"The story of Marion Barry is mesmerizing," said Sam Allis in The Boston Globe, and the "rise and fall" of the former Washington, D.C., mayor is captured well in The Nine Lives of Marion Barry, a documentary that premieres on HBO Monday night. Most people think of Barry as "a fallen man, an embarrassment" to D.C., "out of control from booze, drugs, and women." But director/producers Dana Flor and Toby Oppenheimer "correct the picture and remind us how good Barry was before he went bad." (watch the trailer for The Nine Lives of Marion Barry)
This documentary "manages to make you see him as a human being," said David Zurawik in The Baltimore Sun, rather than just "the profane, night-vision green figure viewed by millions in an FBI 'sting' video of him smoking crack cocaine in the hotel room of a woman who wasn't his wife." But "don't get me wrong," this "powerful film" cuts Barry "no slack"—it exposes him "warts and all."
The filmmakers suggest that people like Barry "because his troubles look like theirs," said Robert Lloyd in the Los Angeles Times. But "for all his screen time, you will not get to the bottom of him” by watching The Nine Lives of Marion Barry. "The few words he has to say of his travails boil down to something no more revealing, and no less true, than 'Life is hard.'" But that doesn't "make the subject any less fascinating."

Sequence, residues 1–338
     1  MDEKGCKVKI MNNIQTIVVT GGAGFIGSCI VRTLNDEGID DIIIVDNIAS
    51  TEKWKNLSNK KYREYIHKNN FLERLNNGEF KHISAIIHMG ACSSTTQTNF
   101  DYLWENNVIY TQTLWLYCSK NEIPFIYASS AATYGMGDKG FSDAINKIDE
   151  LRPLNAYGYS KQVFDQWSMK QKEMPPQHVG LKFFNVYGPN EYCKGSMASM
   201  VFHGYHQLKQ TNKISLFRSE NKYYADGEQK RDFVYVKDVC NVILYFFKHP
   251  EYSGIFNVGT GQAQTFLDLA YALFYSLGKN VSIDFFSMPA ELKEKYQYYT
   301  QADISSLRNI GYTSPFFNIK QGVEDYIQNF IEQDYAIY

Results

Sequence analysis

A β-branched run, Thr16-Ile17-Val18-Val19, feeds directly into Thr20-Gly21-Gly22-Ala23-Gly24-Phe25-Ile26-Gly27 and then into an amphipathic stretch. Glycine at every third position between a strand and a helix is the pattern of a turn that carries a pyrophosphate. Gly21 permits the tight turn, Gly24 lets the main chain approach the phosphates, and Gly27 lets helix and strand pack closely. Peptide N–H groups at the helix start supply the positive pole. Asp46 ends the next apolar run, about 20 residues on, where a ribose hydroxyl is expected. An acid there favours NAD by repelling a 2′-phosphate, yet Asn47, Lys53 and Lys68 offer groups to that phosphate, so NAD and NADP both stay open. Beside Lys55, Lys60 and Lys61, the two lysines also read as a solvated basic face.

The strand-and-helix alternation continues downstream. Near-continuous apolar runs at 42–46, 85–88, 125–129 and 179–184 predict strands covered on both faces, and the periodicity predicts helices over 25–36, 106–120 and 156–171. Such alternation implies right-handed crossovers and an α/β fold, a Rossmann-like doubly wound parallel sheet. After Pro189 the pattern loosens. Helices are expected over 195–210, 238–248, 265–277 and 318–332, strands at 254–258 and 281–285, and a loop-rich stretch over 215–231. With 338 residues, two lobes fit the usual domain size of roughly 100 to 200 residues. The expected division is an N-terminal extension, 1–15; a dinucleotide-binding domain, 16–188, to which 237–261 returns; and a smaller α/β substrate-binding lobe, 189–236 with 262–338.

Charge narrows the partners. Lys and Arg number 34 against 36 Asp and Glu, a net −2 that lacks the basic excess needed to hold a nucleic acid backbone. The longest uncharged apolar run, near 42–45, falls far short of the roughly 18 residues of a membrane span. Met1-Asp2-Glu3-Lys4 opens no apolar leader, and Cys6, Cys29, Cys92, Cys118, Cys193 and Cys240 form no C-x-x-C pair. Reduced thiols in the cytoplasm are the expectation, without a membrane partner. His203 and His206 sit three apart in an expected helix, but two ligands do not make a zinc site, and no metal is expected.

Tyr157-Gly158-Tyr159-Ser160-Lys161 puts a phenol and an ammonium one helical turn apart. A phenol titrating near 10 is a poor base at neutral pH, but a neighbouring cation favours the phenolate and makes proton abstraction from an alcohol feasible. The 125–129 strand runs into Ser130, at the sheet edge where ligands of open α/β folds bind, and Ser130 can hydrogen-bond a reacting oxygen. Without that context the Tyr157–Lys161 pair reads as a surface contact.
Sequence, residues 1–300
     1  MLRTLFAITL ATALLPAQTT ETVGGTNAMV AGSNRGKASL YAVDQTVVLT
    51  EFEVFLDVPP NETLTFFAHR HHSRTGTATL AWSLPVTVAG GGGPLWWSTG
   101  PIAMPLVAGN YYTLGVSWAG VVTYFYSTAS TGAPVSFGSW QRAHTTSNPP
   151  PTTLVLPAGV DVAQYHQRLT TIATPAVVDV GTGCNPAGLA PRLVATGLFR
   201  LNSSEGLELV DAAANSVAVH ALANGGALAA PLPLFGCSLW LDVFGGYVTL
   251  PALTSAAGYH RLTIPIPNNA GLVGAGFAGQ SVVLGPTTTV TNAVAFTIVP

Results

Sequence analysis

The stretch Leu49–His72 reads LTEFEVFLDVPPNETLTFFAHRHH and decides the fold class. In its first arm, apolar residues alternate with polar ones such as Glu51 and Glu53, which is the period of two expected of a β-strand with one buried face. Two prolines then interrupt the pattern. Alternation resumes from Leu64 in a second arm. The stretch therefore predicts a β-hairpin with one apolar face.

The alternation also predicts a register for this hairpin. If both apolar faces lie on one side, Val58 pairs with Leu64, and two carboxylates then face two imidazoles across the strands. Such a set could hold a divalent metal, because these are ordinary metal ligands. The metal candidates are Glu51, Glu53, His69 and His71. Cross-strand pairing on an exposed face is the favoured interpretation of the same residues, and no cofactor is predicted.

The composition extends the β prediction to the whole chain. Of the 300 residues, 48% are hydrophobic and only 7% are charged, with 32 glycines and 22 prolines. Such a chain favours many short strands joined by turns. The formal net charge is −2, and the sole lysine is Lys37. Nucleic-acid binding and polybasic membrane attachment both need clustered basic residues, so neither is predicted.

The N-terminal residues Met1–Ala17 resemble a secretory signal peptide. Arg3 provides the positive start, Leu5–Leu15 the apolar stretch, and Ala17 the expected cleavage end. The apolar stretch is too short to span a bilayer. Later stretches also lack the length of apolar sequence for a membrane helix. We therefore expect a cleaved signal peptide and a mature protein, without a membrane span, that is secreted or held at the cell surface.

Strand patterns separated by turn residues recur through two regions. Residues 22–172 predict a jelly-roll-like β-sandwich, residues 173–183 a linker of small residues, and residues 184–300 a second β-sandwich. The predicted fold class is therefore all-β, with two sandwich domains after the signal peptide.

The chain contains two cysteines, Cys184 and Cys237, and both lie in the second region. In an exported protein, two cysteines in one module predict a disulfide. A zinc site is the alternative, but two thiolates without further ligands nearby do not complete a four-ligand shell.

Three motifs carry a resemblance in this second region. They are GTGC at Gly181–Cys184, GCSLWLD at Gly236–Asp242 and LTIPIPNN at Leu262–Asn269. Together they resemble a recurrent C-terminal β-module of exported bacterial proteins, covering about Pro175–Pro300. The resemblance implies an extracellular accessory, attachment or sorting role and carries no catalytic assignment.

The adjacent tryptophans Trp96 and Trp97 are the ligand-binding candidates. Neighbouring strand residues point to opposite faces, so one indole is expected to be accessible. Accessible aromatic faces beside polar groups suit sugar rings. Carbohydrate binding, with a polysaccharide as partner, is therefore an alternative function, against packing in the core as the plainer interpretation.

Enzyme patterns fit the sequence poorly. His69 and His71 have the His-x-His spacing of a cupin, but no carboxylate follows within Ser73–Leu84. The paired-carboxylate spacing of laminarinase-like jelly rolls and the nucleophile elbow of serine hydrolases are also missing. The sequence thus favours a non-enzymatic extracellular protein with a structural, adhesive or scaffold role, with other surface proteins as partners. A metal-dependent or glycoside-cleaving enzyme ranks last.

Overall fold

THE WEEK'S AUDIOPHILE PODCASTS: LISTEN SMARTER
- How U.S. special forces are preparing for the worst-case scenario in North Korea
- I hate Ayn Rand — but here's why my fellow conservatives love her
- Here's the schedule very successful people follow every day
- Hey, Paul Ryan's new poverty plan isn't completely terrible!
- The 11 worst fast food restaurants in America
- The weird obsession that's ruining the GOP
- The disturbing lessons of Arizona's un-American execution
- The secret to Gabrielle Hamilton's amazing grilled cheese sandwiches
- Deficit scolds are the most crazed ideologues in America
- 7 things the world's happiest people do every day
Subscribe to the Week